Tuesday, September 06, 2005

Extremes

Over the weekend, to pass my time alone at the plant, I read a lot. I took in everything from Edgar Lee Masters' Spoon River Anthology to the first two volumes of the Cowboy Bebop manga. I am a big fan of neither poetry (unless it rhymes) nor anime, but in both cases I was gratified to find a host of well-developed characters, which is one of the major requirements of any literature I take the time to read. I really like floppy Ed and the data dog Ein, and self-righteous Mrs. Kessler on page sixty-six speaking "from the dust" about her friends' and neighbors' dirty laundry, both figurative and non.

And while we're talking secrets, I'll tell you one of mine: the deep south scares me. (Almost as much as Africa does, all ancient, bloody rituals and roiling jungles incubating black scourges.) I don't trust superstition and I don't much care for spicy food. But I love Jazz and I have the pin and trophy of the Louis Armstrong Award to prove it, and a tattoo of a bass clef on my left shoulder. And if I mourn for New Orleans it's because I never got to play on the street corner, never got to make them jealous because I "sure know how to make a bass trombone sing."

But Atlanta's Jeff Francouer makes me want to watch baseball all the time.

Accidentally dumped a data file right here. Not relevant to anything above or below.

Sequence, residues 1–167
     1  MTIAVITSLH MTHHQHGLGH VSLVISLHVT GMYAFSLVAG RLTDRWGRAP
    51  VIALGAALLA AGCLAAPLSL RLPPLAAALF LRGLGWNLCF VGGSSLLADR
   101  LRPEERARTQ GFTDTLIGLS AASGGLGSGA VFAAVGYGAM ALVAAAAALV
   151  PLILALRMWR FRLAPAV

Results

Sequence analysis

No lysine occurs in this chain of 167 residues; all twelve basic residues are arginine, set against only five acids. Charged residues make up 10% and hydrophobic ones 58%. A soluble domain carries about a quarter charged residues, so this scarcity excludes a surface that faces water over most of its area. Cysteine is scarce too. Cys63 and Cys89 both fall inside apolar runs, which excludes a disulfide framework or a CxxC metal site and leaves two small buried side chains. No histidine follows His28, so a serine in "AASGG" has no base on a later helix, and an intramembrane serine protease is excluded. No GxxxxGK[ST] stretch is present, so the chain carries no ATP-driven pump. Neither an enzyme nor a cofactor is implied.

Katrina hits home, finally, dispersing my carefree, dismissive bravado, attacking my remorselessly misanthropic facade (and I'm not the only one to be thus exposed). Bekah's older brother Matt, whose favorite shirt I tore during a childhood game of tag, and his wife Camielle are displaced, salvaging clothing and vehicles and little else, save hope. I am not so worried about resourceful Matt, because I know his family, and they are remarkable, loving, giving people. Matt and Camielle will be okay, even moreso when the baby comes and they have fresh proof that the most precious things are the people we love. The people I hurt for are those who have no one. The elderly, especially (make no mistake, my grandmother was the envy of the nursing home until May 3rd), also the orphaned, and the lost.

The suggestion was reportedly made at an office lunch table, by someone who spent extensive time in the region before Katrina arrived, that she was God's way of cleansing a very afflicted city. I read accounts by volunteers that fled the place, appalled by the attitudes of the refugees and afraid for their own safety. I appreciate the term "social breakdown." It proves to the rest of the world that we Americans are nothing more than human, and, as individuals, less deserving of their jealousy and resentfulness than they may assume. "If you prick us, do we not bleed?"

My sister overheard a coworker who used to live in Louisiana being teased about why there were only black people being interviewed about their experiences of the hurricane. Aren't there any white people living down there? "Yes. But the white people all got out when they were warned," he replied. It's hard to be openminded here. I don't know what to think, so I don't. I am not racist. I am indifferent. But also slightly amused.

I once heard a pleasing tale that rainbows were a covenant between God and man that He would never send another flood. Now I can't decide.

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